Donations suggested; Raffle tickets for sale for books from the English Department faculty
     This annual charity reading will benefit the Center for New North Carolineans and is sponsored by the MFA Department in Creative Writing and the UNCG English Department.

MFA Poetry Showcase—Friday, November 21st, 7:00 PM
Scuppernong Books, 304 South Elm Street, Greensboro, NC 27401
Free and open to the public
     Current MFA poetry students from the renown UNCG MFA program in creative writing will be gathering to share their work. Come see the poetry of the future, today. Please note the time change to 7:00 pm.

Community Literary Events:

Liberating Dixie: An Editor’s Life, From Ole Miss to Obama by Ed Williams
Barnes & Noble Friendly Center, 3102 Northline Avenue, Greensboro
Free and open to the public
From Barnes & Noble: “For 25 years Ed Williams was the editor of the editorial pages of the Charlotte Observer, where he won the Pulitzer Prize in 1981. His book Liberating Dixie is a collection of many of his editorials from his years as a journalist.” This event will include a reading and book signing.

Tom Guthrie: Recognizing Heritage: The Politics of Multiculturalism in New Mexico
—Tuesday, November 11th, 6:30 PM
Scuppernong Books, 304 South Elm Street, Greensboro, NC 27401
Free and open to the public

Janice Fuller Poetry Reading: On the Bevel—Wednesday, November 12th, 7:00 PM
Scuppernong Books, 304 South Elm Street, Greensboro, NC 27401
Free and open to the public
     From the author’s website: “Janice Moore Fuller has published four poetry collections, including Séance from Iris Press, winner of the 2008 Oscar Arnold Young Award (North Carolina poetry book of the year).Her most recent poetry book, On the Bevel, was published in March 2014 by Cinnamon Press in north Wales. Her poems have appeared in numerous magazines and anthologies, including Magma (London), New Welsh Review, The Louisville Review, Tar River Poetry, Asheville Poetry Review, Poems & Plays, Cave Wall, and Comstock Review. Her plays and libretti, including a stage adaptation of Faulkner’s novel As I Lay Dying, have been produced at Catawba’s Hedrick Theatre, BareBones Theater’s New Play Festival, the Minneapolis Fringe Festival, Estonia’s Polli Talu Centre, and France’s Rendez-Vous Musique Nouvelle.
     A regular workshop leader in Wales and England and at the Wildacres Writers’ Workshop, she has been a Fellow at artist colonies in Ireland, Scotland, Spain, and Portugal. Fuller is Writer-in-Residence and Professor of English at Catawba College in Salisbury, NC, where she has been awarded the Swink Prize for Outstanding Classroom Teacher by the Faculty Senate and has been selected Professor of the Year five times by popular vote of the students.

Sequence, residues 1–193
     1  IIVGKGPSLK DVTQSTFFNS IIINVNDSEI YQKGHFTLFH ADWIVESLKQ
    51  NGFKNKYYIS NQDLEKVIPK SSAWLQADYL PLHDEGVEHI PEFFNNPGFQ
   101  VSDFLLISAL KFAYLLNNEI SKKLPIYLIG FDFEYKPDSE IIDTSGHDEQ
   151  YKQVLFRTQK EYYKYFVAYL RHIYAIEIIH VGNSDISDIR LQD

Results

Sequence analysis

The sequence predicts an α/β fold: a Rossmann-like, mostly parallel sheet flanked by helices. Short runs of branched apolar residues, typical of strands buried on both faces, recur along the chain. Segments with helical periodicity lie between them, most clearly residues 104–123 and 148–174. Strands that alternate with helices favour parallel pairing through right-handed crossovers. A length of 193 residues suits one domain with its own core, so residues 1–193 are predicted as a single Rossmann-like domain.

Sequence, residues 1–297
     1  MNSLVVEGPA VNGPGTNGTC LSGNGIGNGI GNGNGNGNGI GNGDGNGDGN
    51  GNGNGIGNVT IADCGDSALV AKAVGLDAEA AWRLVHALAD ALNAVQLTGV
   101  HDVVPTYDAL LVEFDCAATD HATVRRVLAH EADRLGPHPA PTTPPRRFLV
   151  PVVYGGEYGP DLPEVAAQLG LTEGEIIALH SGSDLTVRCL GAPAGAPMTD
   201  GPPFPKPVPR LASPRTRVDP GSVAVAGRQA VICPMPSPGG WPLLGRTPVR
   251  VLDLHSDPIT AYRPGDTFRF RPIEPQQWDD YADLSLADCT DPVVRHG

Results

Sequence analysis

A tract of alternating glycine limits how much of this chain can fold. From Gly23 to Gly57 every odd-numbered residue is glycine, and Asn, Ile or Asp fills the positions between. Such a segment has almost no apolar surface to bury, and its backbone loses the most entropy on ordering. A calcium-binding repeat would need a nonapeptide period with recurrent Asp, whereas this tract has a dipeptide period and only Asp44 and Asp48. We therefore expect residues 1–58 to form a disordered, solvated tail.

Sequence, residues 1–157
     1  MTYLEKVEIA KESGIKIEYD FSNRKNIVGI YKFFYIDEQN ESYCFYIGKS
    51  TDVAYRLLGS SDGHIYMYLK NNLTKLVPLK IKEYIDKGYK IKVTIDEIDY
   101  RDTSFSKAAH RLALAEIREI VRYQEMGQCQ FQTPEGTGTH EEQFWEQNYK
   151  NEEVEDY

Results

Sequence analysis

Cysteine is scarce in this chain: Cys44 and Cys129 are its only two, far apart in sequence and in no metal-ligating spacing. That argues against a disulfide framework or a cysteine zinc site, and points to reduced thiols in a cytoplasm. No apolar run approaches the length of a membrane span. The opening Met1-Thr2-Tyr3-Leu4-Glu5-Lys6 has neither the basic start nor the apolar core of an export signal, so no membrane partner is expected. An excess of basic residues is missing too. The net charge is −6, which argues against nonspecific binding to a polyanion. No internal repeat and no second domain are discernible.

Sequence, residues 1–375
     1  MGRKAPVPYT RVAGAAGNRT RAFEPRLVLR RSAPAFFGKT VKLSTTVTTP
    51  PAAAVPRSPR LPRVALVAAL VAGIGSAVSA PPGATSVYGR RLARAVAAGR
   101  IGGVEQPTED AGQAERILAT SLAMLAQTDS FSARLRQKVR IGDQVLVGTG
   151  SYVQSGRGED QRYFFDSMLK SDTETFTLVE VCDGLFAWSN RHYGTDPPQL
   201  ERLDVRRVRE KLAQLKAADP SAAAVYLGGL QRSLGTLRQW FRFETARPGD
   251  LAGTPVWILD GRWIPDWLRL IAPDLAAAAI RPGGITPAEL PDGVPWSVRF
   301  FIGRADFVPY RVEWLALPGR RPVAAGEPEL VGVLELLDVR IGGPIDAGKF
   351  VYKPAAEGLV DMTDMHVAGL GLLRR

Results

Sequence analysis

An Angier B. Duke Scholar as an undergraduate at Duke University, she received her M.A. and Ph.D. in English from the University of North Carolina at Greensboro.”
Shelf Talker - Jessica GlazerThursday, November 13th, 7:00 PM
Scuppernong Books, 304 South Elm Street, Greensboro, NC 27401
Free and open to the public

Tom Maxwell Reading: Hell: My Life in the Squirrel Nut Zippers
—Friday, November 14th, 7:00 PM
Scuppernong Books, 304 South Elm Street, Greensboro, NC 27401
Free and open to the public
     From Editors’ Best of 2014: “The Swing Movement -- all jazz hands and high-waisted pants -- advanced and receded in good order. I wrote this book to tell the other side of the story. I want you to know about the oddball collection of iconoclasts who got together and made the Squirrel Nut Zippers what they were: a combustible, improbable gumbo of joy and menace. Along the way, I write about our many influences: jazz and blues and hot music and calypso and, yes, swing. Come run these fields, like rabbits, while the harvest moon hangs caught in the branches. Come linger over this snapshot.”

Orson Scott Card Reading and Book Signing: Visitors—Friday, November 14th, 7:00 PM
Barnes & Noble Friendly Center, 3102 Northline Avenue, Greensboro
Free and open to the public
From Scuppernong Books: “Join us with Orson Scott Card for the release of Visitors, the final book in the 'Pathfinders' time travel trilogy. Rigg's journey comes to an epic conclusion when he is forced to put his powers to the test in order to save the world and end war.”

WGOT Readings and Open Mic at Quaker Village Starbucks—Saturday, November 15th, 7:00 PM
Quaker Village Starbucks, 5607 Friendly Ave., Greensboro 27410
Free and open to the public
     From the Writers’ Group of the Triad: “Don’t miss this final 2014 Readings and Open Mic event!  Come hear engaging WGOT writers read their works while warming up with a cup of joe.  Come early and sign up for the Open Mic which follows!”

Monday Night Poetry
—Monday, November 17th, 7:00 PM
Central Branch Library, 219 N. Church St., Greensboro, 27401
Free and open to the public
     From the Greensboro Public Libraries: “Celebrate rhythm and rhyme every third Monday with an open mic session for all area poets sponsored by the Friends of the Greensboro Public Library. Join us! For more information, visit the Triad Poetry Meet Up website. Questions? Contact Beth Sheffield at 336-373-3617

Wink of the Eye by Lynn Willis, Reading and Book Signing—Tuesday, November 18th, 7:00 PM
Barnes & Noble Friendly Center, 3102 Northline Avenue, Greensboro
Free and open to the public
     From Scuppernong Books: “Local author Lynn Willis joins us with her debut novel. She is the first woman to win the Private Eye Writers of America Competition in over 10 years. Publishers Weekly says, ‘PI Gypsy Moran is a nice combination of brains, brawn and bravery.’”

Peter Turchi: A Muse and a Maze: Writing as Puzzle, Mystery, and Magic
—Thursday, November 20th, 7:00 PM
Scuppernong Books, 304 South Elm Street, Greensboro, NC 27401
Free and open to the public

Women Speak Open Mic—Friday, November 21st, 8:00 PM
Scuppernong Books, 304 South Elm Street, Greensboro, NC 27401
Free and open to the public